Five of the Best Ways to Know What Your Customers Want

    By | Small Business

    The modern marketplace is a competitive and challenging environment. The increasingly global nature of doing business now means there may be less customer loyalty. According to a recent Experian study, three quarters of companies that have built strong loyalty programs are seeing a return on investment.

    Consumers may now be less trusting in general, especially since not all companies or industries have stellar reputations. Because of increased choice, online shopping and social media, customers have more power yet many are confused thanks to data overload.

    Not surprisingly, sales and marketing departments often struggle, because of data overload, to determine precisely what their customers want. Fortunately, with a “back to basics” approach, you can reconnect with your customers. Here are five of the best ways you can revisit a traditional formula to know what your customers want.

    1) Imagine You Are Your Customer

    When you are preoccupied with your core business and your range of products, it can be very easy to overlook what your customers want. Taking a step back to imagine you are your customer can allow you to see a fresh perspective on the range of choices, the products offered by competitors and factors that influence their buying decisions.

    This exercise can help you to develop a better understanding of your customer and other companies in your space. It will not only help you to more effectively market your business, but can also help you anticipate the strategies of your competition.

    2) Track Your Customer Activity

    Utilizing customer relationship management software can be helpful because such systems track customer activity. You’ll be able to determine if there is any stage of the ordering process where your systems aren’t keeping buyers engaged. Insight into whether your customer is satisfied helps you develop new, repeat customers. Often, these are the kind of people who recommend you to their friends and social media contacts.

    “A good example of this approach has been conducted at hospitals, where interns were asked to check in as a fake patient,” says John Boitnott, a longtime digital consultant who advises companies on customer retention. “This method allowed the interns to gain insight into the patient experience and helped them develop their bedside manner. Online businesses can replicate this by creating a fake order and tracking the process.”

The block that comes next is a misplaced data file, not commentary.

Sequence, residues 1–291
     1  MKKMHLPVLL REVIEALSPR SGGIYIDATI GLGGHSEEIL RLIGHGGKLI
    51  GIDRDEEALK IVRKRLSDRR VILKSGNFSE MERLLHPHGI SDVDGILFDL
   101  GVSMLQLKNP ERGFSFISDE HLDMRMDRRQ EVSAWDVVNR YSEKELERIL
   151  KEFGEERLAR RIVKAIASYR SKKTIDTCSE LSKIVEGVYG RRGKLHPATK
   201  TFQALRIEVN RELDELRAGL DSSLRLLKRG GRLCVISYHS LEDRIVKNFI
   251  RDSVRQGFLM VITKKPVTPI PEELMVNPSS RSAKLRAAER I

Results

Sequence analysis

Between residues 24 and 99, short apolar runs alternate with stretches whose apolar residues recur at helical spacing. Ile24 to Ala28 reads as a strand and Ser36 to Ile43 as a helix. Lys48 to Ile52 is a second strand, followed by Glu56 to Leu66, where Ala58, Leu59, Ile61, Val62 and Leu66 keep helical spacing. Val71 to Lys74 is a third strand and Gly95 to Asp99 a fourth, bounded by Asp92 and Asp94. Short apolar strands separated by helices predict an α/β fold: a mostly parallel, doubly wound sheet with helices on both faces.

3) Create Diverse Customer Teams

    Often people get a little set in their roles in a company and forget about the overall impact that can have on the customer. You may wish to have employees work across departments from time to time so they can share diverse perspectives with each other. For example, place a warehouse team member in the sales department or vice versa. This change of environment is an effective way for people to share fresh perspectives on everything from customer needs to improvement of company processes.

     

    4) Learn With Your Customers

    Many companies take part in industry events and seminars but give little thought to inviting customers. However, this can provide a very illuminating snapshot into what your customer wants.

    This approach was used by GE, who invited a selection of their top customers in China to a seminar on innovation and leadership with account managers and local executives. This event helped the GE executives gain a better insight into the mindset of their Chinese counterparts.

    5) Anticipate Future Needs

    Focusing on what customers will want in the future is thought to be part of the vision of industry leaders such as Richard Branson and Steve Jobs. Seeing different futures with scenario planning tools will allow you to explore how market shifts will affect your customers.

    Understanding customer needs can be a real art form. You may have to get out of your own way in order to gain a real understanding of your customers. For instance, psychologists say you are more likely to listen for problems that fit your own solutions, while discounting others. This unconscious approach may cause missed opportunities because you’re addressing your own problems, not those of your customers. Try the methods mentioned here to see what your customers are saying. That will keep you on the path to building and growing your business.

    Peter Daisyme is the co-founder of Palo Alto, California-based Hostt, specializing in helping businesses with hosting their website for free, for life. Previously he was the co-founder of Pixloo, a company that helped people sell their homes online, that was acquired in 2012.

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